I believe that pews are collecting dust on Sundays in far too many churches, but I do not fault the ever changing times… I fault the never changing church. We cannot remain grounded in theologies that no longer make sense now that science and generations have shown us otherwise. It’s like arguing that it’s not raining, while it pours down on your “I have to be right” parade. It doesn’t make sense, there is literally profound evidence all around you saying otherwise, and it’s not effective. In fact, it is hurtful. 

I have about a million wounds from the church, which I suppose is a story for another day. What I did learn from the church, however, at a young age that has stuck with me through the times are two things 1) Love one another and 2) remain humble. Over the years how I understood those two things, how I often failed at them, and how I came crawling back to them has brought me here… to this point. If our job as messengers of grace, as walking stories collected through experiences, is to love… then turning people away doesn’t work. If our job is to remain humble and open to those around us… then rejecting the changing norms around us doesn’t work. If our job is to defend the gospels above all else… then preaching fire and brimstone doesn’t work.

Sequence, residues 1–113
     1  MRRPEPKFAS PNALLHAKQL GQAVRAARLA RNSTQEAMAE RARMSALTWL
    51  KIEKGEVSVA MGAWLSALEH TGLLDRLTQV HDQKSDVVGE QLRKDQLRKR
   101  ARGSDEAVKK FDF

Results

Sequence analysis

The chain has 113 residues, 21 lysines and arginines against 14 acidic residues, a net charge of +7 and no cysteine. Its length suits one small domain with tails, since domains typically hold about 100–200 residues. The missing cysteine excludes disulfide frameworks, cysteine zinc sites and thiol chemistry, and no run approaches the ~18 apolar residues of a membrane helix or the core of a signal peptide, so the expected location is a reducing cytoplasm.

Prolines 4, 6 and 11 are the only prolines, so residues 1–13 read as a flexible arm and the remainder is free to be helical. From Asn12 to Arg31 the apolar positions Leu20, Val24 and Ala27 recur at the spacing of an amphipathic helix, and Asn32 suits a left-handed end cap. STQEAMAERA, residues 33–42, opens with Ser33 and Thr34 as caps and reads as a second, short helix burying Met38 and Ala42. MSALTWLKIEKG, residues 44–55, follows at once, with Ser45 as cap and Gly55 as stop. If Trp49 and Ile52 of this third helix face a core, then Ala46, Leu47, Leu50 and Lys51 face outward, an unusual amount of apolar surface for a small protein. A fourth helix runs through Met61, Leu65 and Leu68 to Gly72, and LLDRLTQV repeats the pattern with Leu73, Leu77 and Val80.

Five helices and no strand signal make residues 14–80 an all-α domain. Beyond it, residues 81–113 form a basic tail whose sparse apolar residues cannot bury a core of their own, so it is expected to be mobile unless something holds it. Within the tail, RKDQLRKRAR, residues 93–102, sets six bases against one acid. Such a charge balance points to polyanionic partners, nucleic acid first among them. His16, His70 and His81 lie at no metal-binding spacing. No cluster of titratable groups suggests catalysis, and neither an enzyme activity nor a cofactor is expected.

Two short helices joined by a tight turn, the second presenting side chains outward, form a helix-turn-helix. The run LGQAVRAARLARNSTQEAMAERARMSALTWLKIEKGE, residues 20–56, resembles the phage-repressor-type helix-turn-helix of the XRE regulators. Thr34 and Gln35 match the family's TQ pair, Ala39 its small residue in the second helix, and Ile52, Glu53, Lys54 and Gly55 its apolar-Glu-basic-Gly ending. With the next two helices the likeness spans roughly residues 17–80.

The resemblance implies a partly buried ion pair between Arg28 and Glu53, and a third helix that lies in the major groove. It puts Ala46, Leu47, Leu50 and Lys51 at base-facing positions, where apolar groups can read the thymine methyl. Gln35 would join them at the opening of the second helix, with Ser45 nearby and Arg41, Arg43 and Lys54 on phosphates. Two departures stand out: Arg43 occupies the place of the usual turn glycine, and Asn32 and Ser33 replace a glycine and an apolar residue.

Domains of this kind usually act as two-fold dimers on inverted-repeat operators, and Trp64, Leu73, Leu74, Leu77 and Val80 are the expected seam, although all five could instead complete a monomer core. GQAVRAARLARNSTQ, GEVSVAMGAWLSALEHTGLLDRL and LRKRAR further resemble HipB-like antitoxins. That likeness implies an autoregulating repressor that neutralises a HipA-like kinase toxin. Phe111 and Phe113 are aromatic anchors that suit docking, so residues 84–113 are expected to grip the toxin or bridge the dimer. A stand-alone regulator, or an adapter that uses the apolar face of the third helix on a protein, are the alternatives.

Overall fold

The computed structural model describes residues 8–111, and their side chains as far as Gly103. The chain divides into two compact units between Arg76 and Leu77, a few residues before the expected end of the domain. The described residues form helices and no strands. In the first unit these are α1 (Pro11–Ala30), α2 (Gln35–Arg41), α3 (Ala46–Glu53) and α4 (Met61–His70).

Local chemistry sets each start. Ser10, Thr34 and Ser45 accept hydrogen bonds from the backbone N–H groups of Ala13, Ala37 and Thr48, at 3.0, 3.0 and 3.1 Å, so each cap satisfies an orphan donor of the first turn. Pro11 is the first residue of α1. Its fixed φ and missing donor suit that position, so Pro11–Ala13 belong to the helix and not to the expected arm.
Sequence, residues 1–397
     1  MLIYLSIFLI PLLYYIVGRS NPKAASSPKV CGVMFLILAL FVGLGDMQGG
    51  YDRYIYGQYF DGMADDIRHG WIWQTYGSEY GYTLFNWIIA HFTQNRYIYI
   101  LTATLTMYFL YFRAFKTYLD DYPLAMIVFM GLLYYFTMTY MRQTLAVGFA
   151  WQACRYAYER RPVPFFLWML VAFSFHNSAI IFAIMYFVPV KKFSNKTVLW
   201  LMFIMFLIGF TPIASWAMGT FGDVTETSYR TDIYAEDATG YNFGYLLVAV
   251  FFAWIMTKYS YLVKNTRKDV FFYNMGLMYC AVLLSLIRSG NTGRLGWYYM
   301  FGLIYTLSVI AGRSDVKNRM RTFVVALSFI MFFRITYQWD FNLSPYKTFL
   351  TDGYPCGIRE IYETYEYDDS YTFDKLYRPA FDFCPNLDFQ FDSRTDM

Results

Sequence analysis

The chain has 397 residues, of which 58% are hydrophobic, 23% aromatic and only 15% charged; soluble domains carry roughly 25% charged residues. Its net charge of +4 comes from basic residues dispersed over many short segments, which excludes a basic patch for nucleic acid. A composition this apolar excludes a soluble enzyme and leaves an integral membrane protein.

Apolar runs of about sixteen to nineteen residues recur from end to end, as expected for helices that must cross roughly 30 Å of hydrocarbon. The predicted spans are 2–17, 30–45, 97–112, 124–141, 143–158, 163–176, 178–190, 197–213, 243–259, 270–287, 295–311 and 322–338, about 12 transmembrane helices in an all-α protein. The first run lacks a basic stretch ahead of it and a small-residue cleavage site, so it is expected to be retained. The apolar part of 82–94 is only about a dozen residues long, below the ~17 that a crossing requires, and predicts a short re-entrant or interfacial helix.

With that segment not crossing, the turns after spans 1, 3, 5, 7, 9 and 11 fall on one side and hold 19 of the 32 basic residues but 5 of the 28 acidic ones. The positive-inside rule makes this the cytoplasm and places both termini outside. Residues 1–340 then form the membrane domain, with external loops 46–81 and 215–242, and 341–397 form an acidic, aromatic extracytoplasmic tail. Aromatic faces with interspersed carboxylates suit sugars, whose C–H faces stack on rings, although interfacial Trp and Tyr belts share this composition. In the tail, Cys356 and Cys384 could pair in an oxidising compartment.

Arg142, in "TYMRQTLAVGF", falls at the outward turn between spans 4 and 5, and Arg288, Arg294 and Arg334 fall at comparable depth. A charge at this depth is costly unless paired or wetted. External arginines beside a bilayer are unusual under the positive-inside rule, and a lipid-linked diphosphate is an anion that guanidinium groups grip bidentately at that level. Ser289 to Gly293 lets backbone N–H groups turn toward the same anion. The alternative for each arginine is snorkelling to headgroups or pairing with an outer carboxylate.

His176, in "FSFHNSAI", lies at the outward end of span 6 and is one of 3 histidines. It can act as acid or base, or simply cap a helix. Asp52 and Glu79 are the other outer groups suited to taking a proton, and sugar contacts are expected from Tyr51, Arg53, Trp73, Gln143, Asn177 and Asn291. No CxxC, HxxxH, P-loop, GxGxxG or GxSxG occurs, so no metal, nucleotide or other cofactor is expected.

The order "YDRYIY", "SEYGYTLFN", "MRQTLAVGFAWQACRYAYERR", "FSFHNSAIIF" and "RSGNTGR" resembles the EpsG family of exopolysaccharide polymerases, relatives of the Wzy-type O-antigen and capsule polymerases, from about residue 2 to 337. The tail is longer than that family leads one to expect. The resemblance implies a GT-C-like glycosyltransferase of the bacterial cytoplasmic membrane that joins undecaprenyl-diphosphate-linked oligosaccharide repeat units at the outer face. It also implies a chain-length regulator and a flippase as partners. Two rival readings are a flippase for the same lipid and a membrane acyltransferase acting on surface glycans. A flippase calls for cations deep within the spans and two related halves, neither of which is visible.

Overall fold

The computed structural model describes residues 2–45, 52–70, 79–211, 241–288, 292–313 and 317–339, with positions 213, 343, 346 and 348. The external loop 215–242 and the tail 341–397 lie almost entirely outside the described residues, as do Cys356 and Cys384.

There are so many gorgeous torches of grace around this world right now. Eager pastors and counselors and reverends and just every day folk wanting to share the real light of love. And I want to be careful that I am not saying all churches, everywhere are falling short. I am say too many churches, anywhere are not taking up the calling to grow as God opens our minds to grow. 

Think about it this way… Science, culture, technology allowing us to have any known answer right in front of us at any moment, actually allows us to know God more. We have the opportunity to know God more than any generation before us. To understand how other cultures and communities worldwide praise God, see God, and respond to him. To learn, in detail, the reasoning behind different denominations who agree with us or disagree with how we, ourselves, respond to God. 

Opportunity, however, is a choice. A choice on which lens you use to view the world, technology, God, and grace. Pews fill when hearts feel safe. Hearts feel safe when the message of acceptance is circulated. The message of acceptance is circulated when people are able to more openly hear and learn from each other. And the list continues…